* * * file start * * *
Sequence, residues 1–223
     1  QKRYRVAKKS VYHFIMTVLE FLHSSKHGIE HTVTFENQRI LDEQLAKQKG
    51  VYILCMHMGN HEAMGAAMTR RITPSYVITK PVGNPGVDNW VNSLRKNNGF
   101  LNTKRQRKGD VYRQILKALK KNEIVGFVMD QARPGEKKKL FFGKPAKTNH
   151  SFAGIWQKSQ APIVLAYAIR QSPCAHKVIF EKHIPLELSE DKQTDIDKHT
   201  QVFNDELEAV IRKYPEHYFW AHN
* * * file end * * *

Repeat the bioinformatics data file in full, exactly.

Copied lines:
Sequence, residues 1–223
     1  QKRYRVAKKS VYHFIMTVLE FLHSSKHGIE HTVTFENQRI LDEQLAKQKG
    51  VYILCMHMGN HEAMGAAMTR RITPSYVITK PVGNPGVDNW VNSLRKNNGF
   101  LNTKRQRKGD VYRQILKALK KNEIVGFVMD QARPGEKKKL FFGKPAKTNH
   151  SFAGIWQKSQ APIVLAYAIR QSPCAHKVIF EKHIPLELSE DKQTDIDKHT
   201  QVFNDELEAV IRKYPEHYFW AHN